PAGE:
January 24, 2017

How to Keep Hackers out of Your Linux Machine Part 3: Your Questions Answered

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Computer security
Mike Guthrie answers some of the security-related questions received during his recent Linux Foundation webinar. Watch the free webinar on-demand.

Articles one and two in this series covered the five easiest ways to keep hackers out of your Linux machine, and know if they have made it in. This time, I’ll answer some of the excellent security questions I received during my recent Linux Foundation webinar. Watch the free webinar on-demand.

How can I store a passphrase for a private key if private key authentication is used by automated systems?

This is tough. This is something that we struggle with on our end, especially when we are doing Red Teams because we have stuff that calls back automatically. I use Expect but I tend to be old-school on that. You are going to have to script it and, yes, storing that passphrase on the system is going to be tough; you are going to have to encrypt it when you store it.

My Expect script encrypts the passphrase stored and then decrypts, sends the passphrase, and re-encrypts it when it's done. I do realize there are some flaws in that, but it's better than having a no-passphrase key.

If you do have a no-passphrase key, and you do need to use it. Then I would suggest limiting the user that requires that to almost nothing. For instance, if you are doing some automated log transfers or automated software installs, limit the access to only what it requires to perform those functions.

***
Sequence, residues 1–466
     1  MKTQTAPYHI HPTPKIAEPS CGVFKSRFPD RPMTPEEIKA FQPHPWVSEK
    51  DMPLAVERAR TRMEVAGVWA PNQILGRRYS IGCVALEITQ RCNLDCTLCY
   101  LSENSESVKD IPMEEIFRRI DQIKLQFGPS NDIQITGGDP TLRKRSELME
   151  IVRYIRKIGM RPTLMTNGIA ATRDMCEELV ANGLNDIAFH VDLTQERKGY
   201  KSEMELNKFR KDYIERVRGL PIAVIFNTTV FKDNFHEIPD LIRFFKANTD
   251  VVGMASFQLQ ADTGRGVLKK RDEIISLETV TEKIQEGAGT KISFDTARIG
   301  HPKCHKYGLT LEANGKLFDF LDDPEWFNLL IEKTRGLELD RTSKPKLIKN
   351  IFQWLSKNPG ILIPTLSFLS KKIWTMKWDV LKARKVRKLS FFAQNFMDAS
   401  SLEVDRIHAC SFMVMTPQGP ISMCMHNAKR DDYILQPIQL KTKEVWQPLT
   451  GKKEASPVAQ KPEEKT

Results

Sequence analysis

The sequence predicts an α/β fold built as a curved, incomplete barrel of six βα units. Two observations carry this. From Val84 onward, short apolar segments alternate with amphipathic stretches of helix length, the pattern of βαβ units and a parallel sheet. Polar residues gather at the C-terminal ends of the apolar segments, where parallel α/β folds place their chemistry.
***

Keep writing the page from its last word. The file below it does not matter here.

You can run commands by SSH, so don't give them a shell, make it so they just run that command and it will actually prevent somebody from stealing that key and doing something other than just that one command.

What do you think of password managers such as KeePass2?

Password managers, for me, are a very juicy target. With the advent of GPU cracking and some of the cracking capabilities in EC2, they become pretty easy to get past.  I steal password vaults all the time.

Now, our success rate at cracking those, that's a different story. We are still in about the 10 percent range of crack versus no crack. If a person doesn't do a good job at keeping a secure passphrase on their password vault, then we tend to get into it and we have a large amount of success. It's better than nothing but still you need to protect those assets. Protect the password vault as you would protect any other passwords.

Do you think it is worthwhile from a security perspective to create a new Diffie-Hellman moduli and limit them to 2048 bit or higher in addition to creating host keys with higher key lengths?

Yeah. There have been weaknesses in SSH products in the past where you could actually decrypt the packet stream. With that, you can pull all kinds of data across. People use this safes to transfer files and passwords and they do it thoughtlessly as an encryption mechanism. Doing what you can to use strong encryption and changing your keys and whatnot is important. I rotate my SSH keys -- not as often as I do my passwords -- but I rotate them about once a year. And, yeah, it's a pain, but it gives me peace of mind. I would recommend doing everything you can to make your encryption technology as strong as you possibly can.

Is using four completely random English words (around 100k words) for a passphrase okay?

Sure. My passphrase is actually a full phrase. It's a sentence. With punctuation and capitalization. I don't use anything longer than that.